On the other hand, we have the modern world inside our churches dictating what we should do, what we should believe, and what we should say. In order to flow with the times, the gospel is watered down, softened and made palatable to the secular human mind. The values celebrated by the society (e.g. market values) become the teachings of the church. When the church stands true to the teachings of the Bible and also engages itself with the society, there will be oppositions and that is when the church will be heard. No society exists where the teachings of the Bible can be applied without any friction or resistance. When evil thrives without resistance, the church must be sleeping. Our churches have not made enemy with evil.

How should the church keep itself in order and also be a vibrant force in the society? First, I would recommend the concepts of ‘Double Refusal’ and ‘Double Listening’ that John Stott talked about in his book ‘The Contemporary Christian’. Simply put, Double Refusal is a call to Christians to refuse the temptations to withdraw from or conform to the world. ‘This is our Father’s world’ that he dearly loved and cared for. We should not try to withdraw from it. However, we are also not to ‘conform to the patterns of this world’. Double Listening is listening both to the Word and the world, and working out how the Word can then be applied to the world. 
‘We listen to the Word with humble reverence, anxious to understand it, and resolved to believe and obey what we come to understand. We listen to the world with critical alertness, anxious to understand it too, and resolved not necessarily to believe and obey it, but to sympathize with it and to seek grace to discover how the gospel relates to it’.
Secondly, How far should our churches involve in the society’s affairs? Let’s take the example of politics. Should the church involve in party politics? Some may say Yes while many may say No. The answer I guess is not Yes or No, but both No and Yes. The church should not field candidates for election or actively campaign for a political party, but the church certainly has a role to play in voting truth to power, and preaching to those in power about the Kingdom of God and a higher authority that is there over every human government. Likewise, for any other issue, be it Corruption, Unemployment, Health Care, Education, Conflicts, etc. the church can use its pulpit to preach, teach, correct, comfort, and heal. The churches should refrain from prescribing simplistic solutions (e.g. simply have faith) to complex issues. Here’s when the task of listening attentively both to the Word and the world is crucial.

Thirdly, let me suggest some sermon topics that our churches can take up. Some of them perhaps need toning down; but the idea should be to get the attention of hearers by even getting under the skin of some people and stimulating them to think. Having done so, the task will be to try to give a balanced view of things and persuade, urge and plead with the hearers from the Word of God.

1.      Holiness without Ethics? A deacon picks the government’s pocket
2.      Toilet Theology: A Christian perspective on Sanitation
3.      Shoot with Camera, not Gun: What the Bible says about Wildlife Conservation
4.      How much should a Christian consume? Keeping the earth
5.      Facebook and biblical concept of social network/community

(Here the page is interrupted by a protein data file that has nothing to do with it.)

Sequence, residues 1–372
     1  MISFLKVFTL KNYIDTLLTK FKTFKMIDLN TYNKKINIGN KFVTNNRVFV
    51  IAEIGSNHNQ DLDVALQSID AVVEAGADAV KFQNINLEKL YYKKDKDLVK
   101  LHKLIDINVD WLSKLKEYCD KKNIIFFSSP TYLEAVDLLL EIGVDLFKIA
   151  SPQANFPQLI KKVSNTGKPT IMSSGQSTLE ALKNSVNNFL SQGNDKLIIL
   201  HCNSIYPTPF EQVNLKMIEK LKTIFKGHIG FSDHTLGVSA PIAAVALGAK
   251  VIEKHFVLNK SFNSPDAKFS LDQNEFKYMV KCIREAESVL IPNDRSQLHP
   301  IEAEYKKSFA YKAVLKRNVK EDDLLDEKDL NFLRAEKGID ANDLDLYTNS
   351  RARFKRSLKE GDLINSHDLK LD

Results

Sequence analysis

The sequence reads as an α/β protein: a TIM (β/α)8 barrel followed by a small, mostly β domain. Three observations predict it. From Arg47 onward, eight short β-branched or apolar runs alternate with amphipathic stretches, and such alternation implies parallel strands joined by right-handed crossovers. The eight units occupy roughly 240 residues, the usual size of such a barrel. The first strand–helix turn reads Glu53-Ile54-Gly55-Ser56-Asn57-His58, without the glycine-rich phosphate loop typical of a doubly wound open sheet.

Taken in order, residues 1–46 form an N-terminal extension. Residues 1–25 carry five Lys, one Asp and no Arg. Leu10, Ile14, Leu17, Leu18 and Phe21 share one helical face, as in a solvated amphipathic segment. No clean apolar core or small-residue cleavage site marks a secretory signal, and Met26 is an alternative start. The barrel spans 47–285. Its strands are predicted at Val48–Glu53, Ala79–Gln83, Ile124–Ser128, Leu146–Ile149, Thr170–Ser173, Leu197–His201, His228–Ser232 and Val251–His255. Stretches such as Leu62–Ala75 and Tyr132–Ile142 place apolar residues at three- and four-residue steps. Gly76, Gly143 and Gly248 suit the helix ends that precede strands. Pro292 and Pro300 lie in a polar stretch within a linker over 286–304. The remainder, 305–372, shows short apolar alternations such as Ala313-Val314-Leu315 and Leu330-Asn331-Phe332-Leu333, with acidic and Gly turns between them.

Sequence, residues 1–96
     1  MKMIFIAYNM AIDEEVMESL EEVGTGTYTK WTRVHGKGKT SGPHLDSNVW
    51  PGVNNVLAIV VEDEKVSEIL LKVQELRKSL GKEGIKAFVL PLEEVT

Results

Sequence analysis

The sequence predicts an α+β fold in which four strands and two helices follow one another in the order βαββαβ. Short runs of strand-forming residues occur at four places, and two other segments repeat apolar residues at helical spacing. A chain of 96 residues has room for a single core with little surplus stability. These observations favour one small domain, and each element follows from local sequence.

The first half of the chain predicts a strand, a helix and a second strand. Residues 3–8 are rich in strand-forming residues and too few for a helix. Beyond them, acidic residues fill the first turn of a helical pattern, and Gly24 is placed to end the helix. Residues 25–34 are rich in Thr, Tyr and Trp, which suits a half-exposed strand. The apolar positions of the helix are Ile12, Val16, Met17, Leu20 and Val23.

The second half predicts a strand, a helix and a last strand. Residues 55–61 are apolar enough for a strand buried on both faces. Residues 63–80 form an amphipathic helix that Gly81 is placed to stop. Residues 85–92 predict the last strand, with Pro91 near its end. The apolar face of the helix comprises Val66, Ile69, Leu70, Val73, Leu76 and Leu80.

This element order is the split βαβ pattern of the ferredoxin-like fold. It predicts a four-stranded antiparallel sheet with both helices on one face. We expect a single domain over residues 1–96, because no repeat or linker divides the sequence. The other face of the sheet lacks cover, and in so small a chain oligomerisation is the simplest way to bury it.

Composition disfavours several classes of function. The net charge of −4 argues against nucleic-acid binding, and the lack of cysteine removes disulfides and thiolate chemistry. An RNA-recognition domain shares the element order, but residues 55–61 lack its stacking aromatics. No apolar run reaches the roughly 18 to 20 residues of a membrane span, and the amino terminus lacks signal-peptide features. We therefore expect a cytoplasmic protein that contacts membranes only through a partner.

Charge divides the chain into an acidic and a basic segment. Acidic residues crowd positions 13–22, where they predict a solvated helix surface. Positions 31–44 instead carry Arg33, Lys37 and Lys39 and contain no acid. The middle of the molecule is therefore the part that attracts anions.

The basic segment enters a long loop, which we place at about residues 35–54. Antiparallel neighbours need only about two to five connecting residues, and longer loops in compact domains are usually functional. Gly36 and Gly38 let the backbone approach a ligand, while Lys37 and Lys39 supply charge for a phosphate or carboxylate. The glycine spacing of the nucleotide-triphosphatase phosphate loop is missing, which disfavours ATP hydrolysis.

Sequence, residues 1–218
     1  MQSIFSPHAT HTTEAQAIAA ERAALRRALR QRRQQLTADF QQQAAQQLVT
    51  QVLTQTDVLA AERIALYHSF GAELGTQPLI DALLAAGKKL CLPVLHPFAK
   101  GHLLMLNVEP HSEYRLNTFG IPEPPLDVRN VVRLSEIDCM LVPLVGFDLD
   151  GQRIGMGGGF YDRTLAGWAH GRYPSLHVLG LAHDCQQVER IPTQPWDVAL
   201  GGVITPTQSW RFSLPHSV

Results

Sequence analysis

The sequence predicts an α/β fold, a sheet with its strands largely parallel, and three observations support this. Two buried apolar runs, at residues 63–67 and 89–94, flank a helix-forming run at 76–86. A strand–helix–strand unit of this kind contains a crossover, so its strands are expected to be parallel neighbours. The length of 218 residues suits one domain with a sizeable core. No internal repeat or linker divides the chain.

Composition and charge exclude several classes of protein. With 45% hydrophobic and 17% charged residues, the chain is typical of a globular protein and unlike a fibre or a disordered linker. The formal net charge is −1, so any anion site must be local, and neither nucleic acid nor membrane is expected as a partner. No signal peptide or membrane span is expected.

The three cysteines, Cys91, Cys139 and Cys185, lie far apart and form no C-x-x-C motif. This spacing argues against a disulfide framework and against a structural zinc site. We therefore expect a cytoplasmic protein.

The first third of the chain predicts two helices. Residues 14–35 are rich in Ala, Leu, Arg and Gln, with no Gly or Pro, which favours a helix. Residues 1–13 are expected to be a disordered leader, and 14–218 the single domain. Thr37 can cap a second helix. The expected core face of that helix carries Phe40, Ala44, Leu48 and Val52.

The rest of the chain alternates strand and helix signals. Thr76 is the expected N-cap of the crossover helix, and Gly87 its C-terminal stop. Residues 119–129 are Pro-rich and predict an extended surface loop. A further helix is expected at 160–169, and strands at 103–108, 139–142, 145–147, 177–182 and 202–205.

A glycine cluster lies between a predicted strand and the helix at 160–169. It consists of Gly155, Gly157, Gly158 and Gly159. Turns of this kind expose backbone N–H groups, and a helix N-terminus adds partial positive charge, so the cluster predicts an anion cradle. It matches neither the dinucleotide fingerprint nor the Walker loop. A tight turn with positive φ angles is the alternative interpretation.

6.      A review of the lyrics of the top 10 songs in Billboard Chart for the current week from a Christian perspective
7.      ‘A Pastor attends World No Tobacco Day program’ and other signs of hope in our society
8.      Doing God’s will or fulfilling parents’ desire? Factors that determine a student’s career choice
9.      WWJD: What would Jesus say to a government employee who is often absent in office because of church work?
10.  A Public-Private Partnership: Personal faith and public responsibility
11.  From Rights to Responsibility: When to stop fighting for what you deserve and start taking responsibility

Fourthly, I need to make a personal clarification here. I do not speak as an outsider pointing fingers at our churches. I speak as an insider belonging to a mainline church. I live with this dilemma of disapproving many of my church’s practices while still belonging to it and drawing my life’s breath from it. In fact this is the most difficult article I have written: to speak out against something I believe and hope in.

Lastly, let me sign out with some words of hope. In spite of all the negativity, there are signs of hope as we look around. In this year’s World No Tobacco Day program that was held at the Directorate of Health and Family Welfare, I was surprised to find a pastor attending the program, listening attentively to the statistics and the challenges posed by Tobacco consumption. I thought, ‘perhaps there is still hope in the world’. That is the way to go. Again on World Population Day, a Reverend delivered a brilliant church’s perspective on the issue of population. In the NBCC’s annual conference this year, the member churches were urged to be more responsible in the society. This is a welcome move. (I hope that it will not be a piecemeal effort and that the NBCC can come up with a broad theoretical framework on why churches should be engaged in the society. The churches need to be convinced that social engagement is not an optional extra for some Christians who are interested in those sorts of things, but it is embedded in the gospel itself and is for every Christian.)  Even in the civil society, we can feel the frustration of the public, especially young people, about illegal taxation, lack of civic sense, backdoor appointments, crime against women, the government’s incompetence, and so on. I want to believe that a large scale reform in our society is upon us. Our churches should not be found missing in action.

(I have painted a picture of our churches with a broad brush, and there are instances where I caricatured them. Not all of them are exactly as I depicted. But as I consulted friends from various communities, it seems to resonate with people from the other North Eastern States as well. Reactions will be welcomed at and openly discussed at ).